clock menu more-arrow no yes

Filed under:

UFC 138 Main Event Breakdown: Mark Munoz vs. Chris Leben

On Thursday afternoon in the UK, Chris Leben suggested that the winner of the Saturday night's UFC 138 main event should become the middleweight division's No. 1 contender.

With a whopping one-fight win streak, that's a bit of presumptuous suggestion from Leben, yet then again, the match's two participants have been two of the division's more successful talents over the last couple of years. Overall, Leben has won four of five, while his opponent Mark Munoz has captured three in a row, and six of his last seven.

Despite the fact that the UFC has given no indication that a top contender might emerge from the bout, both fighters still harbor championship desires, so the fight should not lack for action.

Leben is a given. The man does not know how to fight boring. He's only been involved in three decisions in his last 13 fights, and each of his last three wins has come by finish.

Most of Leben's success comes from his hands. The southpaw has 12 of his 22 career wins by knockout, and he's always been willing to take one in order to give one. That type of approach usually leads to a short career, but Leben has managed to exceed the lifespan of the style.

Part of that stems from the fact that Leben is skilled enough to perform well in other situations, like the clinch and on the ground, where other fighters known primarily for their standup skills might crumble.

Those positions will likely end up being important during the course of what could be a five-round fight against Munoz, a rugged former collegiate wrestling national champion who has transitioned nicely into the striking game.

While Munoz is often characterized as a "wrestler" because of that past, he's actually been more effective as a striker than a wrestler during his MMA career. According to FightMetric, he's only landed 18 percent of his takedown tries during his UFC career, a very low number by any standard, but a stunning one given his background.

That number is a bit skewed by his nightmarish performance in a loss against Yushin Okami. In that fight, which took place in August 2010, he went just 1-for-15 in takedown attempts. Even when he's not successful in putting his opponent on his mat however, the attempt can be meaningful because it puts his opponent on defense. When Munoz gives up an attempt, he often leaves with a power strike on the way out, or he can simply clinch and use his usual strength advantage to briefly turn the fight into a grind and wear down his opponent.

Surprisingly, when it comes to striking, Munoz has been more accurate than Leben, 49 percent to 43 percent by FightMetric's count. And Leben has been far more effective in takedowns than Munoz, 54 percent to 18 percent. So maybe everything that seemed obvious about this fight isn't quite so clear.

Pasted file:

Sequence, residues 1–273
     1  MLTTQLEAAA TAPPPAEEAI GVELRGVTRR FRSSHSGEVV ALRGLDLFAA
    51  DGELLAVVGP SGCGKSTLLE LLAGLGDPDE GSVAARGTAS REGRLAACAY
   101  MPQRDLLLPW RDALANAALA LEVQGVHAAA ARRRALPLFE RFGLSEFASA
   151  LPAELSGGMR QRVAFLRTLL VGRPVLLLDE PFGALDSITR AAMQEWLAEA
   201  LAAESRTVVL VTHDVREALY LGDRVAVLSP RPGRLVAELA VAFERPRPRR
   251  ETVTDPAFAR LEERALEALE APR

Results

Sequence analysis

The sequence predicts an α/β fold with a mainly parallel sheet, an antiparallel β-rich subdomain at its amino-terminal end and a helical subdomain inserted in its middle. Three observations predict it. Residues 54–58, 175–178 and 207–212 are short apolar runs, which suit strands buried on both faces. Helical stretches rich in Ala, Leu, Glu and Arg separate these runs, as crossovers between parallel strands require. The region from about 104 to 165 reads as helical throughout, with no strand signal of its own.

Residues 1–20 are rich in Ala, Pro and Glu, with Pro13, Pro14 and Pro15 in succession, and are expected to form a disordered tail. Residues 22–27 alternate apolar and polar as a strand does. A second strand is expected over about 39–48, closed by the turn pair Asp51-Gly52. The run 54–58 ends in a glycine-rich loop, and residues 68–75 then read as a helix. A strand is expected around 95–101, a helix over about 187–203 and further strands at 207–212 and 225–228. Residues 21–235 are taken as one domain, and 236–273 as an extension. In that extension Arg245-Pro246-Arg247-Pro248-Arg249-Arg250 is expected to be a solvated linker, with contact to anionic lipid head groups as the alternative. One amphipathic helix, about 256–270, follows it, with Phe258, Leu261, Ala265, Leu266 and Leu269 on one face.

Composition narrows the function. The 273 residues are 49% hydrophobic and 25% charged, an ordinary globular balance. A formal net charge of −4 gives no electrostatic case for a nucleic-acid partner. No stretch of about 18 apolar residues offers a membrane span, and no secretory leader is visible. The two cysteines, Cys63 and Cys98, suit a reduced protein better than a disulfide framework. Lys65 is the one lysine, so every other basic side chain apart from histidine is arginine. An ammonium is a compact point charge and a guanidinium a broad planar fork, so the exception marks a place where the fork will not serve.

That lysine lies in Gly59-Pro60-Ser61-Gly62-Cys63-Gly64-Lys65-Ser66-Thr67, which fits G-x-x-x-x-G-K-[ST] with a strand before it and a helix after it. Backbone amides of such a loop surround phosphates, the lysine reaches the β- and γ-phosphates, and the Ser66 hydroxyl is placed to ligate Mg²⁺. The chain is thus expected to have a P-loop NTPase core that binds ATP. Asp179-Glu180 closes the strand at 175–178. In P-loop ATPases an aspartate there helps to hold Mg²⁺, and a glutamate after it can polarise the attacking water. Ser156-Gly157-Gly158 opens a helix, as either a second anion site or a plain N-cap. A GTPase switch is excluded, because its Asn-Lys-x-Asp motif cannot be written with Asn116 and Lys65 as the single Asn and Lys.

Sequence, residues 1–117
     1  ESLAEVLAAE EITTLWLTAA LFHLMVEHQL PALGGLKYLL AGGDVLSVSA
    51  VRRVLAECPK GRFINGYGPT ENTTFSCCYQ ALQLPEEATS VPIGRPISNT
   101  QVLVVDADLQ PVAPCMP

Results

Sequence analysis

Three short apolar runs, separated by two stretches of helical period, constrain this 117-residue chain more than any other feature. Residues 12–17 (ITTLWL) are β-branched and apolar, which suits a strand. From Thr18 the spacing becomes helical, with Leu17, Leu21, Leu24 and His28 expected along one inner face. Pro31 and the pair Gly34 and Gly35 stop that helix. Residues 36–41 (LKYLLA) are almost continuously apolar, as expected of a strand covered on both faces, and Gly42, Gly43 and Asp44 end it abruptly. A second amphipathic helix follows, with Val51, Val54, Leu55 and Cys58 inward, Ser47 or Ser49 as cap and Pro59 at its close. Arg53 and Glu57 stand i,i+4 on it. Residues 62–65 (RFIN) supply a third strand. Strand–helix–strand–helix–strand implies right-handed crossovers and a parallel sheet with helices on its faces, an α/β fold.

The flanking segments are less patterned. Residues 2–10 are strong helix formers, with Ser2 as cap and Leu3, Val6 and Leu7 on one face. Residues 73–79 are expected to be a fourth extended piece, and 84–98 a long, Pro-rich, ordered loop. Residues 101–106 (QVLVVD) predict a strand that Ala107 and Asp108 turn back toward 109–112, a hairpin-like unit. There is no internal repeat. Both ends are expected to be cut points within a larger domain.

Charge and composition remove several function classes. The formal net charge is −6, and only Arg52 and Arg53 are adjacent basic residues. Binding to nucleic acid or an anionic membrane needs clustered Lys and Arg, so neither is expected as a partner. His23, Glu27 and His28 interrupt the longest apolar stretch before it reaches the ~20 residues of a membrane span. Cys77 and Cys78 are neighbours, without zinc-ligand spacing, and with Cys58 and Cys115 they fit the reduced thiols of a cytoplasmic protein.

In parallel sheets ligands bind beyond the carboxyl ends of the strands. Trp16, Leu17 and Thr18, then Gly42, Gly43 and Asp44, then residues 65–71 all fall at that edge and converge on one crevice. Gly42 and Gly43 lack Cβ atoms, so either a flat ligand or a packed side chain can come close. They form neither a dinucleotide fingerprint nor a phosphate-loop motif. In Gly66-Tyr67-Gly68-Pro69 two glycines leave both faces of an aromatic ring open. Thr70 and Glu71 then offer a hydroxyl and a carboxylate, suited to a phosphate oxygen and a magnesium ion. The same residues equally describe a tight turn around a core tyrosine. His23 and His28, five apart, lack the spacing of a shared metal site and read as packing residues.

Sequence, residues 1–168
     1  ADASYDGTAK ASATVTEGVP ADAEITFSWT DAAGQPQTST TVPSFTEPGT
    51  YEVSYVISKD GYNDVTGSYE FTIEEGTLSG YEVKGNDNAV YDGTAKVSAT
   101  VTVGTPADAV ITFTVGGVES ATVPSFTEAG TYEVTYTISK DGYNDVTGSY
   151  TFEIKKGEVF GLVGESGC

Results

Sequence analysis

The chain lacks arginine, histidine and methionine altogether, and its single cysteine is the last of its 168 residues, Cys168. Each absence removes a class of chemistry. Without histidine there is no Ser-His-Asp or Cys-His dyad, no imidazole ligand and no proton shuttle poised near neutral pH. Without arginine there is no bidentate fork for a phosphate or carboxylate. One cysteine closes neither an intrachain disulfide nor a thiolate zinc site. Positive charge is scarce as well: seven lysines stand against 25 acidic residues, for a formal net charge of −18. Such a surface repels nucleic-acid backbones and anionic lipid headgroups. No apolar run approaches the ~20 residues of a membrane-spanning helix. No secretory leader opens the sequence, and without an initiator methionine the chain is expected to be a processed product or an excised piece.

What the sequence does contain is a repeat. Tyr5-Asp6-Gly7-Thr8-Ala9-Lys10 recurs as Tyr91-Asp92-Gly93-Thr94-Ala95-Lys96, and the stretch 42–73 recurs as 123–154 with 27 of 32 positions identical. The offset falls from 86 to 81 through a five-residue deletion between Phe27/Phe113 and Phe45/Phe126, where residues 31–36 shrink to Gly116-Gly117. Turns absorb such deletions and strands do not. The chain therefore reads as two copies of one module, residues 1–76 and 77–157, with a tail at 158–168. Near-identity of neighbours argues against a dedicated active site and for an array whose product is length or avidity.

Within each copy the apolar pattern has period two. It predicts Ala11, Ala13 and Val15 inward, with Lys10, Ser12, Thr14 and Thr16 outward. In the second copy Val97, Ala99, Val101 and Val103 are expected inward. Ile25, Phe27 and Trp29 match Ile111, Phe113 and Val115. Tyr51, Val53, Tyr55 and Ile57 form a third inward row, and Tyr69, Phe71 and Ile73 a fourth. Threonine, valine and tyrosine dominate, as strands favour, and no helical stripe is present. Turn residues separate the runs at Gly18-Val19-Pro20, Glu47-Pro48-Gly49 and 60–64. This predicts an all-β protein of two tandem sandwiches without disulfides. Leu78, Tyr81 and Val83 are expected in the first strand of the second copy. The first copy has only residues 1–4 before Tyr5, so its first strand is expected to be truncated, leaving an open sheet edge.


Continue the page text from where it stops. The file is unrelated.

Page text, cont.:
Then consider the fact that this is the first time both fighters are scheduled to go five rounds. It's impossible to know how they'll approach it. Leben has never been one to hold back, but he knows Munoz is durable, and maybe he'll be a bit more cautious than usual as a result. Or maybe Munoz will be less likely than normal to standup with an opponent because of Leben's concrete block fists.

Munoz is currently a 2-to-1 favorite to win the fight. That seems like a high number given that prior to his most recent win over Demian Maia, his biggest victory was against Kendall Grove, who has since been cut from the promotion.

So what is Munoz's most likely path to victory? He's got to mix up his attack, putting Leben on his heels, on his back, against the fence, and anywhere else where he feels uncomfortable. His striking is diverse enough to pull off the game plan, and perhaps most importantly, his striking defense is good enough to frustrate Leben's attacks, as Munoz's opponents whiff on 62 percent of punches against him.

Leben will simply aim to keep the fight standing. He's stopped 56 percent of takedown tries against him, and extended periods on the feet will benefit him.

The odds are wrong in this fight. It's a legitimate tossup, because there are no sure things. Munoz isn't a lock to take Leben down, and Leben's no guarantee to find Munoz's chin. Even the standup edge isn't an easy determination to make.

Going on feel, I believe that Munoz has the right tools to slow Leben down. By using his full striking attack, making the fight physical with clinchwork and an occasional takedown, he can limit Leben's effectiveness and opportunities at offense. Leben is fairly good off his back but if Munoz can survive mat time with Maia, he should control the top position against Leben as well. Leben's hands can change the fight at any time, but Munoz is better equipped to grind it out over five rounds, and I think that's exactly what he'll do. Munoz by decision.